MAGNA operates internationally and provides assistance to children and their families in need, including victims of natural disasters, wars and conflicts. In the field we have doctors and medical staff but also technical and other specialists who provide humanitarian assistance and help to treat children and their families.
Founded in 2001 in Slovakia by Martin Bandžák and Denisa Augustínová and based on their direct experience of the AIDS epidemic in Cambodia, MAGNA began providing medical assistance to disaster victims around the world. Through MAGNA hospitals we provide health care, medicines and food for children and their families.
MAGNA intervention in 2017:
202 000outpatient consultations
5 725 severely malnourished children in nutrition programs
Health projects are primarily aimed at saving lives and alleviating the suffering of those in need. Armed conflicts and an unstable political situation have a devastating impact on ordinary people. Common consequences, often associated with inadequate local health services, are direct violence, forced displacement, epidemics, famine and psychological trauma. Providing medical assistance to victims of conflicts and crises is a top priority for MAGNA workers. Alleviating suffering from infectious diseases which are neglected by local structures is another major area of MAGNA's focus.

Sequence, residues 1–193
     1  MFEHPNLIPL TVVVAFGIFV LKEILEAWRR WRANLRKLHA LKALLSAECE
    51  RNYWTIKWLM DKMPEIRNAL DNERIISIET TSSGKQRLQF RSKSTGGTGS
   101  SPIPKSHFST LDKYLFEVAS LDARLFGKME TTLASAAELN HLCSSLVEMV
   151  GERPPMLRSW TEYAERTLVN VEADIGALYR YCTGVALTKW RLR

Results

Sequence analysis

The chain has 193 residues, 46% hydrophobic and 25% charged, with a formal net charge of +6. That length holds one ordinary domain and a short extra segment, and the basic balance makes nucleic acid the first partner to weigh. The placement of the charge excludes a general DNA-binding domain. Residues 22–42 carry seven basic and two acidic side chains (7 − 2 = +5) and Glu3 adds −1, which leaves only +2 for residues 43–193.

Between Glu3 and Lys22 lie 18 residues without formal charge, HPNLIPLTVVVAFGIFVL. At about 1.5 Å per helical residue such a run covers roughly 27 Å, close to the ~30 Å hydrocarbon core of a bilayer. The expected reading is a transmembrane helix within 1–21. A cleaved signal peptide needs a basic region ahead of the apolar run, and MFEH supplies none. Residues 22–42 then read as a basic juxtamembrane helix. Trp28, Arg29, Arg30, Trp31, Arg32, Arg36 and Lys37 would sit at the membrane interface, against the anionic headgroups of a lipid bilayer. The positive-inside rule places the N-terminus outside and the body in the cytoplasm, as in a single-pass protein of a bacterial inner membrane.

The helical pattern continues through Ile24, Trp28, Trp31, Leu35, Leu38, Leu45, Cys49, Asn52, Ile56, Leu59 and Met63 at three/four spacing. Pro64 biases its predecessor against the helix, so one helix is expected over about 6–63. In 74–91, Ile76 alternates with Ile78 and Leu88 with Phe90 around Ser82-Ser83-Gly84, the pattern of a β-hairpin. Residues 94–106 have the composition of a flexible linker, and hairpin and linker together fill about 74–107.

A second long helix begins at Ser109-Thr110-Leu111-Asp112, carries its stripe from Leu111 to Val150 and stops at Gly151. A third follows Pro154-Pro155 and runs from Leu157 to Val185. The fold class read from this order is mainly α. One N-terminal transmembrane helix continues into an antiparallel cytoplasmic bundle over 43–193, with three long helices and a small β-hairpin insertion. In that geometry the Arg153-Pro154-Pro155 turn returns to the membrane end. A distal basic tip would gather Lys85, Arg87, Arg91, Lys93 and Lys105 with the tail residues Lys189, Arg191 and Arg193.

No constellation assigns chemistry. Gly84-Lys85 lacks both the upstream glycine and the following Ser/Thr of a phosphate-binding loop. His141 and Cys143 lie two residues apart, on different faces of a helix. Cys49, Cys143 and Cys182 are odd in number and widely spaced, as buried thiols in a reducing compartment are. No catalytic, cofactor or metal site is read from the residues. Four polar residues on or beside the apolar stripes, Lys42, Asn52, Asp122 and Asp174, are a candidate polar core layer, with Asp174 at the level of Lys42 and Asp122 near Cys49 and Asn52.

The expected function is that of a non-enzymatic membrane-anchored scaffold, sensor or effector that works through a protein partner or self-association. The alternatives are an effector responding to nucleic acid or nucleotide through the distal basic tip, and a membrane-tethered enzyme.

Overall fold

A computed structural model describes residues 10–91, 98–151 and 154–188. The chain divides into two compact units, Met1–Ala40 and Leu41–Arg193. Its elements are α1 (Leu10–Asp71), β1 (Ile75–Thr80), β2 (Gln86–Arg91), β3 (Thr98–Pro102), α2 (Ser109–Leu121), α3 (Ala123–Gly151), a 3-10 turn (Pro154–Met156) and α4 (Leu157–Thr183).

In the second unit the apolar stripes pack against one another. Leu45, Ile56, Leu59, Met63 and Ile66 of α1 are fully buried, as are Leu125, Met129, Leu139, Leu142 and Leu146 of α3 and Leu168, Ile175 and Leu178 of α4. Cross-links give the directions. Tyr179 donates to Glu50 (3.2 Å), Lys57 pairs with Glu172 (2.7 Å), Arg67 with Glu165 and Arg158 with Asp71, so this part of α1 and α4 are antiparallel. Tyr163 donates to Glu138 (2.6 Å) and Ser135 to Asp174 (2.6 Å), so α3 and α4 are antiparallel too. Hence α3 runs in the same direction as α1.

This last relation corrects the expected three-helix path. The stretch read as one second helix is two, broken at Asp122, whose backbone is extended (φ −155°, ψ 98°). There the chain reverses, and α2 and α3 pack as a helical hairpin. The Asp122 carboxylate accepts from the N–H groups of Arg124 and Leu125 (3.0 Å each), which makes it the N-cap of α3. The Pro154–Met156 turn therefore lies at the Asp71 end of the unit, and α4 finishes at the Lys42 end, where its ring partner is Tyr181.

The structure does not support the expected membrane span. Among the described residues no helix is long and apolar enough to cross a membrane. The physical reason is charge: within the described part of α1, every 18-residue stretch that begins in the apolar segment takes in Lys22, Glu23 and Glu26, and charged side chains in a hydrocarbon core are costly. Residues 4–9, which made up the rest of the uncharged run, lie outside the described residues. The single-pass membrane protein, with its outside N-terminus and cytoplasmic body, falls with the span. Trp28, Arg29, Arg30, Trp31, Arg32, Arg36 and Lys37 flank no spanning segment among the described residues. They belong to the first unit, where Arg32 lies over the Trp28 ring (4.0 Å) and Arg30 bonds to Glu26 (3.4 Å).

The organization aims to provide adequate treatment and care for people affected by diseases such as HIV / AIDS, cholera, malaria and others. MAGNA also responds to the needs of people who are excluded from access to basic health care and helps victims of natural disasters.
Independence: MAGNA operates in accordance with its own principles. The activities of MAGNA are in no way influenced by political entities or internal or foreign policy of a particular government.
Impartiality: MAGNA works with strict respect for political and religious neutrality and impartiality.
Non-discrimination: MAGNA does not accept any form of discrimination based on race, gender, ethnic origin, religion, nationality, belief or social class.
Free and direct access to victims: MAGNA bases its activities on the need for free access to victims and full independence in its projects. MAGNA endeavors to obtain all necessary means to achieve this goal. The organization manages the distribution of its resources directly to ensure that they reach the target population.